When you run a business, you need to have commercial or business insurance. Very often, there are policies that are required by law, but there are also other types of coverage that are optional but which can protect you in the long run. Since there are so many different types of commercial insurance, and since it is different than the insurance you would get for yourself personally, it's good to understand your options and a few basics about this type of coverage. Note a few commonly asked questions about business insurance and be sure to cover these with an agent so you get the best information for yourself.

1. What does business insurance cover?

Don't assume that a commercial liability insurance policy will cover every loss or litigation your company may face. You need to ensure that you are choosing the right policies for your business and type of company and for the risks you may face in particular.

As an example, one type of policy that is very popular today is called cyber crimes insurance. This protects your business from loss due to theft of information from your computers and databases, as well as risks of exposure because of internet use by employees and customers. Specialty coverage may be purchased for one-day events, such as concerts or seminars, as these may not be covered in your standard liability policy.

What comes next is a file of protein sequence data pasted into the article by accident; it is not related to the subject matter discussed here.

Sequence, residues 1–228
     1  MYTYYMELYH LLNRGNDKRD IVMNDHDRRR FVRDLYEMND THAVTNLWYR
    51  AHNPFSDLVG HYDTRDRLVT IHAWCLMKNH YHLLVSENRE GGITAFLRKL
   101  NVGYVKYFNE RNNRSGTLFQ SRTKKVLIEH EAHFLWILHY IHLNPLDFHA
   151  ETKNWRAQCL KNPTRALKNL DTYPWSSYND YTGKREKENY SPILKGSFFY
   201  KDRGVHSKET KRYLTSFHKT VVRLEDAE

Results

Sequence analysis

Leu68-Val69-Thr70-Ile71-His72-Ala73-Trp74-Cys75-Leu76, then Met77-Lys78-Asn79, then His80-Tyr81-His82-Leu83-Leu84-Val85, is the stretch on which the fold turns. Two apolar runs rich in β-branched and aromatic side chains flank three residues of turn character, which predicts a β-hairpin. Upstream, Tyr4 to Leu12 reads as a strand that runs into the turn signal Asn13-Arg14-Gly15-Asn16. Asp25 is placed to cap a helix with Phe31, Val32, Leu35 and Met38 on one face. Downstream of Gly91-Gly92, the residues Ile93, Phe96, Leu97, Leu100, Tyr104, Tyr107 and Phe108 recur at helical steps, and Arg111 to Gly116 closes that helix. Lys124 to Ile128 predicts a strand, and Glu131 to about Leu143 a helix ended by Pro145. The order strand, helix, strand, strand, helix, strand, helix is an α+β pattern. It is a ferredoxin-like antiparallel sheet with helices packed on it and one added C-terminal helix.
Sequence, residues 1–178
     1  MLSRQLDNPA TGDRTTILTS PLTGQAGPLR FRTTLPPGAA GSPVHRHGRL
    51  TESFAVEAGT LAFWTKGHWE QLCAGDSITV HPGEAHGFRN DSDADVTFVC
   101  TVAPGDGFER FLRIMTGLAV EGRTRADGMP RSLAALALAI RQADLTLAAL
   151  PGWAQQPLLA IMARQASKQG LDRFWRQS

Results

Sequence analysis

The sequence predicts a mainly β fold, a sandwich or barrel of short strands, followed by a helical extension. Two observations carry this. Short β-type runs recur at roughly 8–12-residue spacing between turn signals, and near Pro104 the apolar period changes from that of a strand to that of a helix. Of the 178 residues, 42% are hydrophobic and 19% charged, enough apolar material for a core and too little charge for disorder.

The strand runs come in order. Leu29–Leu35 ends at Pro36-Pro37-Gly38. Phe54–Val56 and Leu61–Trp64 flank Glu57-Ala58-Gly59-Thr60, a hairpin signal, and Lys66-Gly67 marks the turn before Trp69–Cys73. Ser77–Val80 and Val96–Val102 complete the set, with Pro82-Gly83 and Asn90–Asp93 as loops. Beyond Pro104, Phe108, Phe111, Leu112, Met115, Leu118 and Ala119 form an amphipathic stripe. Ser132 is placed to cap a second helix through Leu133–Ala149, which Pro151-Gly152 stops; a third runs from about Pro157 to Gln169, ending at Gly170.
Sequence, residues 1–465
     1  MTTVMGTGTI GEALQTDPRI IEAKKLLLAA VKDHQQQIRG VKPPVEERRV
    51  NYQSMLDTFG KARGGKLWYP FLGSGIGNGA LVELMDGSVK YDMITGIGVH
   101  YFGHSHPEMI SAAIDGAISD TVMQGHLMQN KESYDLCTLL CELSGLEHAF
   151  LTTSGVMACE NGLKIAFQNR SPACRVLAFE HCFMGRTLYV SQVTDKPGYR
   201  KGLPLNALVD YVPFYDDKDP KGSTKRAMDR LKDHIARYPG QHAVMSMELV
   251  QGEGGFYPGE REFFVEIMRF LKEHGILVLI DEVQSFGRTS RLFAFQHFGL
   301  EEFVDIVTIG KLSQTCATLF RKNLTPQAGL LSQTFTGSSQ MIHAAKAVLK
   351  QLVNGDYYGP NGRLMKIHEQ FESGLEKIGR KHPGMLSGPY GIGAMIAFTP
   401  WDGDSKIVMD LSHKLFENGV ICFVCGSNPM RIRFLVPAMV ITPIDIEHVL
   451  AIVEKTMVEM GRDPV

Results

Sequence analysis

2. How are claims filed?

The way claims are filed will depend on the insurance company and the type of coverage. For example, if a business suffers property loss or damage due to a fire, the business owner may file the claim. However, if a customer should slip and fall on the property of the business, the customer may file the claim with the insurance company directly. The insurance company may then decide to negotiate or try to deny the claim for whatever reason, without going through the business owner.

3. Is business insurance tax-deductible?

Most forms of business insurance are tax-deductible, as long as the insurance is directly related to operating the business. Some coverage, such as loss of earning coverage that an individual business owner may carry for themselves, may not always be tax-deductible. Usually, your insurance carrier can answer this question, or you might discuss your options with an accountant before you purchase your insurance so you know if you can deduct the premiums at the end of the year.

For more information, contact a local commercial insurance company in your area. 

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